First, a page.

Sunday, February 23, 2014

Cabin Life: The Life And Death of Small Mammals

Woodland jumping mouse (Wikipedia Photo)The wild winter weather is continuing.  Friday it was so warm that even several hours after the sun went down, there was still a steady drip-drip-drip coming off the roof.  In the forties Saturday, the season just can’t seem to make up its mind.

That’s not to say that it has been an easy winter.  And to me, there has been a recurring theme out here at that cabin that demonstrates this better than anything else.  I have had a steady supply of small rodents around the house looking for food.

When I moved into the cabin a few years ago, Amy not so light-heartily called it the “Mouse House.”  Since then, it has been significantly cleaned-up.  With Ed and Herbie running nightly patrols, the mice moved out and other than a very occasional rustling in the walls, I have not had to deal with any other rodents inside the cabin.

That is not to say that there is a lack of small rodents at the cabin.  Red squirrels used to attack the bird feeders on a regular basis and there is a family of mice living in the outhouse.  There are certainly plenty of places for them to hole up for the winter out here.  Unfortunately, they seem to have decided to try and spend nights in a couple of buckets I have.  This has resulted in me finding more dead rodents in the last month than I’ve seen in well over two years.

The first one was a mole that for some reason climbed into the open bucket in the outhouse that holds the lime.  The lime is the off-grid version of a vanilla candle, and is essential to using the facilities.  I was not surprised to find the little bugger frozen solid in a bucket that offered no food or shelter even though I had no idea why it went in there.  I buried him… Unceremoniously.

About a week later, I spent a comfortable night watching TV and soaking up electric light and flushing toilets at my girlfriend’s. When I got home in the morning I found what I think is a vole frozen to death.  This was in another small bucket on the porch in which I keep some chicken food.

I use a combination of store-bought chicken feed and winter wheat, and when I was making a mix of the two, I had a small amount of the wheat left over.  This is a bucket that I can understand the rodents trying to get into at least.  It was frozen solid, and since there was only a little wheat left in it I just tossed the vole and wheat into the woods.

Then, even though there was only a little wheat frozen to the bottom of the bucket, the very next day there was a deer mouse in the bottom.  This was the first of the three rodents that were still alive when I found them. Since it hadn’t been inside the cabin, I decided to let it take it chances out in the wild.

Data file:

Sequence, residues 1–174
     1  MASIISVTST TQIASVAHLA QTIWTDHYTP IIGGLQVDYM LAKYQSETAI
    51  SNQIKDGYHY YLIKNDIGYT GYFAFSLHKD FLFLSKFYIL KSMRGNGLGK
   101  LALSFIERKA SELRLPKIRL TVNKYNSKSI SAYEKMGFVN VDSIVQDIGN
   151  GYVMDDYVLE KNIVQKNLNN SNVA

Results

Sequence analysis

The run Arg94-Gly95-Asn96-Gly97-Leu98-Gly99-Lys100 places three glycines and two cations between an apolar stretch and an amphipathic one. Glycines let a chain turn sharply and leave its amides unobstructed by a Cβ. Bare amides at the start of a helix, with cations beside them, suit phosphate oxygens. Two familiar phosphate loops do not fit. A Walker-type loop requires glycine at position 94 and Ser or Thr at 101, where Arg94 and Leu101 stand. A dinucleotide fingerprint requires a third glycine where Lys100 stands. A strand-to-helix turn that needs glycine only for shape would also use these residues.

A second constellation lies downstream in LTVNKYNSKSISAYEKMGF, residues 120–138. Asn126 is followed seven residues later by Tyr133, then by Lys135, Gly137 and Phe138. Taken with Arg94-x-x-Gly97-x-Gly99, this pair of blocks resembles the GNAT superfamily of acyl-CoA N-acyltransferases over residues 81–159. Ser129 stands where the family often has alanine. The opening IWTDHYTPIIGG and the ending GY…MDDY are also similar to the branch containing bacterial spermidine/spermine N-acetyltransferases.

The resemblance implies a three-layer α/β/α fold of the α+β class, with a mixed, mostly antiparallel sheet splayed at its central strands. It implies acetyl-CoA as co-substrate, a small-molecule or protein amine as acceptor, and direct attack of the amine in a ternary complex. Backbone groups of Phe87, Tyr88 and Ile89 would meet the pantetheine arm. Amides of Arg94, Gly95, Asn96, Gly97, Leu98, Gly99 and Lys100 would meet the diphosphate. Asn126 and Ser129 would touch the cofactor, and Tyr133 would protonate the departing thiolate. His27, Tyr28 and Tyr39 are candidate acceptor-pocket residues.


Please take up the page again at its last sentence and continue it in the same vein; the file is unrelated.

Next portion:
As I laid the bucket down out front, the mouse scampered off.  It went a few yards down the trail towards the chicken coop, and then stopped.  I went inside to get the camera, and when I came out again, it was making a big loop over the snow back towards the woods.  I watched it run and leave a neat little trail across the snow.

Later, as I made my way to the outhouse, I noticed that the mouse tracks went right under the shed.  I took a little solace in the fact that it’ll be around for the rest of the winter.  I like having the wildlife around, even if it does require the occasional funeral.

Photo: Woodland jumping mouse (courtesy Wikipedia).

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Having grown up in the southern Adirondacks, Justin has always been at home in the mountains of New York. After graduating from Paul Smiths College, he began his career in the environmental field working for the New York State Department of Environmental Conservation. After a brief five year detour to Florida, Justin returned to the Adirondacks to live off the grid in a small cabin with no running water or electricity.

Justin continues to work and play in the outdoors, and maintains a blog about living off grid, hiking, and being outside in the Adirondacks called Middle of the Trail.

7 Responses

  1. Tom says:

    Cute, other than the fact that a mole is not a rodent.

  2. joanstreetman says:

    enjoyed the story

  3. Bob Kibbey says:

    Cute story. Do you ever get out for some ice fishing?


  4. Margaret says:

    Love your tales of cabin life. Look forward to them.

  5. BTW, the rodent pictured is a woodland jumping mouse (Napaeozapus), which is not active in winter as it is one of the few rodent species in our area that hibernates (the woodchuck is another).

  6. K says:

    I am curious about the lime – does it really reduce the odor and how much do you add per day?

  7. Charlie S says:

    I don’t like killing any thing,and I am always futuristic in the moves I make regards this non-killer instinct in me.Per instance…when I see a bucket on a deck right side up I have the tendency to topsy-turvy it as I know some mice and other critters (including insects) tend to find their way into them and then are unable to get out.In some cases,like Justin’s experience above,they’ll freeze to death,or drown if there’s water in the bucket,or bake to death under a blazing sun.I always turn buckets upside down for the above-mentioned reasons. There’d be a lot less misery in the critter kingdom if more people were as thoughtful.

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